In my opinion it would be grossly unfair for these people to be robbed of their freedom to use a protocol simply because it is the same protocol used by Pirates. It would be an absurdity akin to the Holocaust where people were punished for being Jews. Whilst at it , it needs to be mentioned that these legitimate uses are nowhere near as popular as the illegitimate uses. As the BitTorrent Zeitgeist shows -legitimate uses are second tier.In Zimbabwe I imagine Jack Sparrow would top the list of BitTorrent users and little that he does can be called legit.

Why therefore is it local ISPs continue to throttle the protocol? Is their case legitimate: BitTorrent does consume excessive network resources. Or is a case of greed: their over shared networks are exposed and brought to their knees. Are BitTorrent users legitimate users or are they to be seen as the boys who cried wolf? Even if the ISPs are also guilty the law says:In pari delicto potior/melior est conditio possidentis.

What is, I pray, your learned opinion?

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4 thoughts on “Legitimate uses of BitTorrent

  1. A well informed article – indeed the unfortunate downside of the pirates on bittorrent is that ISP’s throttle it because illegal downloading far far outweighs the legal downloading via the protocol its a real shame that the legal uses have to suffer in this way – but blizzard themselves were smart – i’m fairly certain they use non standard ports so that ISP’s cant traffic shape as easliy (although some do still)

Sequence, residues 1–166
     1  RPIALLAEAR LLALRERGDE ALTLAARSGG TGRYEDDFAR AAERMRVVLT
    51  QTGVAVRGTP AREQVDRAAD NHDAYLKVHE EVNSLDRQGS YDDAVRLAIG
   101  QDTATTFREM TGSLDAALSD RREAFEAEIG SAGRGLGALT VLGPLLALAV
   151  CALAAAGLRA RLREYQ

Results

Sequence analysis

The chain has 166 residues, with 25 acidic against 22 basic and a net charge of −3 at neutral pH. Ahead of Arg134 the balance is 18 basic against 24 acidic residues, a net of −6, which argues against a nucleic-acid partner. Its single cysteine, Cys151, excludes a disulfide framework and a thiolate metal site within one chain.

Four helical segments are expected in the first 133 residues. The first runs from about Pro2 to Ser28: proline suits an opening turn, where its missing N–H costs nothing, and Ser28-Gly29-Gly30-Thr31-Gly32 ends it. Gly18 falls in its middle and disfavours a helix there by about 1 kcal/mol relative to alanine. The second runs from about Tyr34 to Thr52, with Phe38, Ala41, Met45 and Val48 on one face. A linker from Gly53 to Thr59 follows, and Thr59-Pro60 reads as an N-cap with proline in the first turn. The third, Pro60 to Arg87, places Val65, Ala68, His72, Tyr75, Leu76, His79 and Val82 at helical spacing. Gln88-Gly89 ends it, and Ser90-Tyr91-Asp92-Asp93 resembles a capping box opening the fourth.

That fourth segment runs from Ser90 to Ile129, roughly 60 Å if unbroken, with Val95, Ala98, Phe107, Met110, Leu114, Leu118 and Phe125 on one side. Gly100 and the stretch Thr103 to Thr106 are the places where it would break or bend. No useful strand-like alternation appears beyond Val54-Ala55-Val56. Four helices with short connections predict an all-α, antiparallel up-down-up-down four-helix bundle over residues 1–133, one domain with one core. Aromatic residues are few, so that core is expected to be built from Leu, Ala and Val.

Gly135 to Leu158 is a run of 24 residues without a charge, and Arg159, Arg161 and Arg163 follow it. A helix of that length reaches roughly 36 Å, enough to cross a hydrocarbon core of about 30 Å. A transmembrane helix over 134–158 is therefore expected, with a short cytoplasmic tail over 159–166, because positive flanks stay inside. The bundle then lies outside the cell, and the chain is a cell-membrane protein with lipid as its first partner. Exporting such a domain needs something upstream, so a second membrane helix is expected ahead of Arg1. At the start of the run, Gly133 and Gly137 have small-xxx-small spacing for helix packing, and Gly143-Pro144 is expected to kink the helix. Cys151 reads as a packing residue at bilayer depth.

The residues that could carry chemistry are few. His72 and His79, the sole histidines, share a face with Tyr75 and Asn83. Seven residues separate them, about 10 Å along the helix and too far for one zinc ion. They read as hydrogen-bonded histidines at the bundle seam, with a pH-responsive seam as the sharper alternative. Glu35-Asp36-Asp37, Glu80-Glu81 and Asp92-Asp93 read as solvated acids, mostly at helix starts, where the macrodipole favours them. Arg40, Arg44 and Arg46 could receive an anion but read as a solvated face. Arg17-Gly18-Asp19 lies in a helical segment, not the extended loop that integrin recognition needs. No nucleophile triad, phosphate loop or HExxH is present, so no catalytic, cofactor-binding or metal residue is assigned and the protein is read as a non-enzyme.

I don’t believe ISP’s should be responsible with throttling P2P traffic at all, that said most have to because they oversell there network bandwidth to users expecting most to not use massive amounts so when someone does if they didnt throttle then they would be faced with huge bills which they cant necessarily pass on to the specific users, which kills there profit margins

    that said though, its really on the larger corporations being pirated from to make there software/movies/music more attractive to users so they are more likely to buy it than pirate it – itunes itself has gone a fair way to help this by bringing cheap music to the masses as a good example of how to combat piracy. – i mean the film companies themselves annoy me – see this example: this is why i enjoy going to Ster-Kinekor westgate, the price reasonable and theres no adverts or previews before the film starts!